aptthe traditional way or perhaps by installing the PiHole package from
dietpi-software. I've not tested the PiHole installation method; it might not install
net-tools. If it doesn't, install it.
iptableswill need to be installed manually. Just do it with
aptit'll be easier.
- Set a static IP on
eth0. You can do this from
dietpi-configor by manually editing the
/etc/network/interfacesfile to something similar to this:
allow-hotplug eth0 iface eth0 inet static address 172.24.20.1 netmask 255.255.255.0 gateway 172.24.20.1
wlan0configuration lives in here as well. Don't touch it. DietPi will require you to reboot after making this configuration change.
- The following commands will set up forwarding to and from the target on
# iptables -F # iptables -t nat -F # iptables -t nat -A POSTROUTING -o wlan0 -j MASQUERADE # iptables -A FORWARD -i wlan0 -o eth0 -m state --state RELATED,ESTABLISHED -j ACCEPT # iptables -A FORWARD -i eth0 -o wlan0 -j ACCEPT
- Uncomment the line in
interface=eth0 listen-address=172.24.20.1 # Make sure this is the same as what you set as the static IP above. bind-interfaces # Forces dnsmasq to bind to eth0 server=188.8.131.52 # You may use whatever DNS server you please. I'm using Quad9 here. domain-needed # prevents non-FQDNs from being forwarded bogus-priv # prevents weird address calls from being forwarded dhcp-range=172.24.20.69,172.24.20.169,12h # This is technically optional; you could totally set a static IP on the other end and it'll work, but it helps to be modular.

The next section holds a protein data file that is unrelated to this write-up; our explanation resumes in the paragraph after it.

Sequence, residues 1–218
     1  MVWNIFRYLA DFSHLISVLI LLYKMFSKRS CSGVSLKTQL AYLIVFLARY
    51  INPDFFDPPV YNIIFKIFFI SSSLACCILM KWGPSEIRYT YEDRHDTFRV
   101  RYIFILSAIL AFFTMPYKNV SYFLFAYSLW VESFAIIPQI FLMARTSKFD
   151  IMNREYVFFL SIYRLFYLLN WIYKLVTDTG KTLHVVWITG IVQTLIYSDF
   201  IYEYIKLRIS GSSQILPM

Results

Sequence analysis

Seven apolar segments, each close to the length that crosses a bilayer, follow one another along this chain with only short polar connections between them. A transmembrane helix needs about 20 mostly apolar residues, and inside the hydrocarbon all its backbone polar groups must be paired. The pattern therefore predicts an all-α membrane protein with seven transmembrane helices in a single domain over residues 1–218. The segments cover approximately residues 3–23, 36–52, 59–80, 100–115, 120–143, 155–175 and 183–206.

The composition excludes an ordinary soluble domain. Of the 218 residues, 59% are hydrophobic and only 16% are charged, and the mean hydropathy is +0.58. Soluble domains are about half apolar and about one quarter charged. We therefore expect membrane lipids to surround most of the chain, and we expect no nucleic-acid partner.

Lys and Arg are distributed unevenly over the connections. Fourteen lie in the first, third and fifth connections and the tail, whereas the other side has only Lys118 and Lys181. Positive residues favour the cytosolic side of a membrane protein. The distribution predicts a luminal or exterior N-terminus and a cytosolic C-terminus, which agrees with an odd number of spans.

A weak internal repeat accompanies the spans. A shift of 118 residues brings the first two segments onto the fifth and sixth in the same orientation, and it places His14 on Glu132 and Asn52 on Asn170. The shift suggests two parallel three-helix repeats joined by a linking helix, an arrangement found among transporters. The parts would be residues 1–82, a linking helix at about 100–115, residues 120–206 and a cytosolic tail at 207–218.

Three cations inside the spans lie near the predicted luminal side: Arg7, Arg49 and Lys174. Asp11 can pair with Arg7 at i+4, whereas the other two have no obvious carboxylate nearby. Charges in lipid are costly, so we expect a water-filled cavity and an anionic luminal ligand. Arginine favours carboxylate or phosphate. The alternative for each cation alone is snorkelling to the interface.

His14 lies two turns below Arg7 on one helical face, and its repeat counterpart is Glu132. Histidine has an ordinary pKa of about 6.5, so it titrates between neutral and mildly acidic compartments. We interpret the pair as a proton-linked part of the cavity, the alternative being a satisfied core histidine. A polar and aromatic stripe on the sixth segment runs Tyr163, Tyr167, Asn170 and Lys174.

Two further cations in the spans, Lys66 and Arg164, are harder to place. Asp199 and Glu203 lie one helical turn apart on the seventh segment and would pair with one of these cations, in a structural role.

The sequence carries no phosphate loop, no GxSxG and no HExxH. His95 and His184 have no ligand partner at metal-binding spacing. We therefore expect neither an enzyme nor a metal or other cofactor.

# dietpi-services enable dnsmasq && dietpi-services start dnsmasq
- Fire up your target machine and plug in the Ethernet. If it configures itself, then you're good to go. Try pinging your WiFi AP or even an Internet IP just to make sure.
Once it works, you'll need to, at minimum, add the
iptablescommands to a boot script, as those are lost on reboot. The entire internet has decided that the
iptables-persistentpackage is the way to go, but we're not doing that. Instead, we'll create a new service by making new file
/etc/systemd/system/wifi-forwarding.servicewith these contents:
[Unit] Description=DietPi iptables WiFi Forwarding After=network.target [Service] Type=oneshot ExecStart=/bin/sh -c 'iptables-restore < /etc/iptables.rules' [Install] WantedBy=multi-user.target
Then, dump the current table with
# iptables-save > /etc/iptables.rules. To test it, clear the table with
# iptables -Fand then run with
# dietpi-services start wifi-forwarding. Now, if you run
iptables -Land get results, it works! Enable with
# dietpi-services enable wifi-forwardingand you're on your way.
This works shockingly well on my Haiku system, and the speeds are actually good compared to the onboard WiFi, and I don't risk crashing the system just from running a system update. Of course, this isn't just for a computer. It'll work for any Ethernet target. Network printer without WiFi? Done. Dusting off the ol' Dreamcast? It does WiFi now. Plug in a small switch? Boom, WiFi extender. I'll be seeing quite a bit of use with this.